Online Poll Suggests Pot Legalization Imminent in North Dakota

Since officials announced that the legalization of marijuana for recreational purposes would make the ballot this November, an Inforum website poll, conducted this week, sought to find out just how much support such an initiative has among voters in the state. Turns out, an overwhelming majority of North Dakotans favor the move, by as much as a near four-to-one margin.

The poll, hosted by Polco, showed that of 624 participants, a whopping 514, or 82.4 percent, support the legalization of adult-use weed in North Dakota, where voters will cast their ballots on the question on November 6 this year. When narrowed to residents of North Dakota specifically, which accounted for 237 polltakers, 188 of them, or 79.3 percent, favor Measure 3. This shows only 20.7 percent opposed.

Inforum, which is the first newspaper nationally to start using Polco on a regular basis, asked, “Should North Dakota Legalize Recreational Marijuana?” after Al Jaeger, Secretary of State, announced on Monday, August 13, that there were sufficient signatures collected by activists to put the measure on the Election Day ballot.

Polco is an online polling platform for civic communication that municipalities, community organizations, and local leaders use to get valid feedback from citizens about specific initiatives or topics. In order for participants to take part in its polls, they first need to register to cast a ballot. The platform collets no personal data, but participants can further community discussions by commenting.

Results of the North Dakota Poll

  • Both sexes support legalizing weed recreationally and overwhelmingly so. Of the 81 female voters, 60 voted in favor and 21 voted against it. Of the 155 male participants, 127 voted supportively and 28 opposed. There was one vote unknown, but it was also a yes.
  • The issue of marijuana legalization is no longer a red or blue one, since it seems voters from both divides support it.
    • Of the 101 likely Republican votes, 72 were in favor and just 29 against.
    • Of the 69 likely Democrat votes, 59 support it and 10 do not.
    • Of the 64 likely Independent votes, 55 said yes and nine said no.
    • There were two definite Republican voters, one for and one against, as well as one non-partisan vote for yes.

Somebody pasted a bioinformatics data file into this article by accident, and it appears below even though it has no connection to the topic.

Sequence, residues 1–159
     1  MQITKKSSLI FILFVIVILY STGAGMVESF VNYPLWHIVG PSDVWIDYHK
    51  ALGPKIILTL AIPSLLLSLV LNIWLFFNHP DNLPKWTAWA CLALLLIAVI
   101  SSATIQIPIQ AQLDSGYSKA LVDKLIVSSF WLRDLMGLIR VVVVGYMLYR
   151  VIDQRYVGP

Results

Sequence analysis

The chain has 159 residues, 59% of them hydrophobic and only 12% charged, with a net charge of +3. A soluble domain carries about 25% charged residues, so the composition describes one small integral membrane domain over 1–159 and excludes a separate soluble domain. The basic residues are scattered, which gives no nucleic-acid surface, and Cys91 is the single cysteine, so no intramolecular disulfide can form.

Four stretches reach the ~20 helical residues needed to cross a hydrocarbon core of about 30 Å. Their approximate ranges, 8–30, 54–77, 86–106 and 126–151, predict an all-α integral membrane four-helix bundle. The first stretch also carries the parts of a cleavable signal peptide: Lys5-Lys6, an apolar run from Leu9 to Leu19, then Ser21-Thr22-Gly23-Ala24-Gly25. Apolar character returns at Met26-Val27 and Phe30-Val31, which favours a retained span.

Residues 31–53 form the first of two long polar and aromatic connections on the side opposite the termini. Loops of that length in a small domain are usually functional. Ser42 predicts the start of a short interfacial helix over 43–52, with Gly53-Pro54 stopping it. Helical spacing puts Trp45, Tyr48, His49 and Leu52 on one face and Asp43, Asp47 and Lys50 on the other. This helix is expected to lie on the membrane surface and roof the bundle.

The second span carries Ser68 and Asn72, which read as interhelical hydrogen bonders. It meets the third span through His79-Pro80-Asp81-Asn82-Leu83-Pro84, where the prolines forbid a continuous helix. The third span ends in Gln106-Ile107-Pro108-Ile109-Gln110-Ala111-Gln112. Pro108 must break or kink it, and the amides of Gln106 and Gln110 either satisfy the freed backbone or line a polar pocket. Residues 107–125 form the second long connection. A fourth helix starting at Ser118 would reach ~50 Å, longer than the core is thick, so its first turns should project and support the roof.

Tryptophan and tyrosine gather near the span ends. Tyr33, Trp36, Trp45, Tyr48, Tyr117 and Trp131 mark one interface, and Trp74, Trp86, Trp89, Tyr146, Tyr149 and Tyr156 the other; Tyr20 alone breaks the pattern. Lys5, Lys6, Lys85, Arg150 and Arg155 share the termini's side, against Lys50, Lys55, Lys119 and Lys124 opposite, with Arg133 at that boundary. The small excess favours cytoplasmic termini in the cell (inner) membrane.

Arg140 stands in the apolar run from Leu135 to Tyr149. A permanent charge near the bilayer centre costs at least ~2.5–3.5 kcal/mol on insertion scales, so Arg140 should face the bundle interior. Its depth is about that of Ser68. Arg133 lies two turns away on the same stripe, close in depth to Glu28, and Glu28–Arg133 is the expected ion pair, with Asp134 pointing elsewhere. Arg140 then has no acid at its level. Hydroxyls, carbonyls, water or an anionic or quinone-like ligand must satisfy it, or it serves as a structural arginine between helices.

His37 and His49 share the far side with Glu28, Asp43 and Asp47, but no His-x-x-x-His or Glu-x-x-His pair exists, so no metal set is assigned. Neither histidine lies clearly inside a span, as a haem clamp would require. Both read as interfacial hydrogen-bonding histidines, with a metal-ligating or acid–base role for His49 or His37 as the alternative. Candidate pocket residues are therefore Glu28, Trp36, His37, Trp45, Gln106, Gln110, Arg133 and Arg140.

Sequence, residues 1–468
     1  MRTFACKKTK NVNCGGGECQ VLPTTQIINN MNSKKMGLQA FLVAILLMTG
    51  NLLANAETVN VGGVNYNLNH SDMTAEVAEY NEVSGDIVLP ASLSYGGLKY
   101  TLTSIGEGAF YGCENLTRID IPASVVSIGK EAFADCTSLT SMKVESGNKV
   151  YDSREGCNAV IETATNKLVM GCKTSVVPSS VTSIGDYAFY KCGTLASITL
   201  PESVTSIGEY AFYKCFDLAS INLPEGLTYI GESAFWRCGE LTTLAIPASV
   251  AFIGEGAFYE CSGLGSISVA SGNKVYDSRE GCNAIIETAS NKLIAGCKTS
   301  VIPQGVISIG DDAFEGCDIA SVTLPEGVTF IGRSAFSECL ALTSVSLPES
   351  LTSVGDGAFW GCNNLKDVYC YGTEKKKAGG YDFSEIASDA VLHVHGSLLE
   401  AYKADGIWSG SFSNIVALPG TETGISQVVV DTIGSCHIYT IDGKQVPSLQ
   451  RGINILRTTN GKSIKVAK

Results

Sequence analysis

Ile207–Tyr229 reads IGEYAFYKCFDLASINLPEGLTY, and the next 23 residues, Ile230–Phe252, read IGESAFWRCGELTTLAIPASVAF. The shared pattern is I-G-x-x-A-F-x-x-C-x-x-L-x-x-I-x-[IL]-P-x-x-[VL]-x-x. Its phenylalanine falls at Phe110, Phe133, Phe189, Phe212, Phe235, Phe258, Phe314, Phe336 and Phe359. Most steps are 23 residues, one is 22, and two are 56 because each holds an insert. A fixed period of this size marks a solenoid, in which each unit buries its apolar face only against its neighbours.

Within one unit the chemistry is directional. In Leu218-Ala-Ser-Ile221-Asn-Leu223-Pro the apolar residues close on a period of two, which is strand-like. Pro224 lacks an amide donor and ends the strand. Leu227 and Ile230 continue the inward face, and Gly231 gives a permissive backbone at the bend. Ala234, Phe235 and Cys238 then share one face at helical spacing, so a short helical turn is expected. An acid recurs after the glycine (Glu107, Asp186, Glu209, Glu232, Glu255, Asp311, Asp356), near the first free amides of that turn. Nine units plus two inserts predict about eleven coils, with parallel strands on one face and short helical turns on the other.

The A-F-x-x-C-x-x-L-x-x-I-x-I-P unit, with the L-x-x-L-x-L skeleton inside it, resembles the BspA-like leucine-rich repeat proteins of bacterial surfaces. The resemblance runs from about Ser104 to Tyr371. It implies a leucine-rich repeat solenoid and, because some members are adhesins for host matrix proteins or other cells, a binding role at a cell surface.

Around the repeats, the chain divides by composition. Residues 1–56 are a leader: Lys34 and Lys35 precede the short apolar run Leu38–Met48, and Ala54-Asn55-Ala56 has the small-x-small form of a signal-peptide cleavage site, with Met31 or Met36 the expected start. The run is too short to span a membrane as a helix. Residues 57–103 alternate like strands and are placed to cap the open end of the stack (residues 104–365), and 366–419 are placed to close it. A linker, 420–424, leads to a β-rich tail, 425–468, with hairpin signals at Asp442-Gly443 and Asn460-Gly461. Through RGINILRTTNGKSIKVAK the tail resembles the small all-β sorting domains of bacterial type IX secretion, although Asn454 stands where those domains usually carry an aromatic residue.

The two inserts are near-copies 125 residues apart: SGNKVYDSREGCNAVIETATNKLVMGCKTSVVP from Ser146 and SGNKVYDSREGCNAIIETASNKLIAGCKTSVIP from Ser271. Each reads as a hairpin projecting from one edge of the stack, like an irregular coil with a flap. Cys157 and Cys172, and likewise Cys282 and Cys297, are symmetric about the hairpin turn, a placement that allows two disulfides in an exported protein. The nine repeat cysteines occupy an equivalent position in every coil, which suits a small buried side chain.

• All age groups seem to support legalization. The largest age group participating were aged 40-years to 49-years, with the 50-years to 59-years group following closely behind. The 60-years to 69-years and the 30-years to 39-years had an equal number of responses.
    • Of the 50 votes from the 40-years to 49-years group, 39 voted for and 11 voted no.
    • Of the 46 votes from the 50-years to 59-years group, 31 voted supportively and 15 did not.
    • Of the 37 votes from the 30-years to 39-years group, 34 voted yes and three said no.
    • Of the 37 votes from the 60-years to 69-years group, 34 voted in favor and three opposed.

Effect of Legalization on North Dakota

Chair of the North Dakota Marijuana Legalization Initiative, Dave Owen, believes the poll highly representative of how North Dakotans will vote come November. “It shows the people of North Dakota see that and actually want this,” he explained on Thursday. “We are doing really well across all of these age groups. It shows we get our message out and we talk to people.”

If approved, the measure would change the law to legalize “non-violent marijuana-related activity” for anyone 21-years and older, except for selling weed to children. It also would not impose any limitations on how much a person could grow or possess. It would also allow for the expungement of criminal records for anyone previously convicted of a crime that the measure would now legalize.

On Monday, former Bismarck police officer turned criminal defense attorney in Fargo, Mark Friese, said that the measure is “very broadly written,” that it could provide those charged with non-violent offenses related to marijuana an array of new defenses. Attorney General Wayne Stenehjem says changing the law could shift issues for law enforcement.

Previously, Stenehjem made clear his stance, “I have said for a long time now that I do not think that if marijuana is legalized in North Dakota we will be healthier or safer.” However, the economic prospects of legalization may well push him over to the other side. Owen also spoke about other benefits, stating it could “create more jobs, provide opportunity for those who had been convicted, and finally get people the medicinal marijuana they have been waiting for.”

Back in 2016, voters in North Dakota voted overwhelmingly to approve medical cannabis. Despite this, medical patients still do not have access to marijuana anywhere in the state. “We believe people in North Dakota want recreational marijuana. We believe they support this,” Owen stated. “There is a reason we have been able to get this far, and I think this poll confirms it.”

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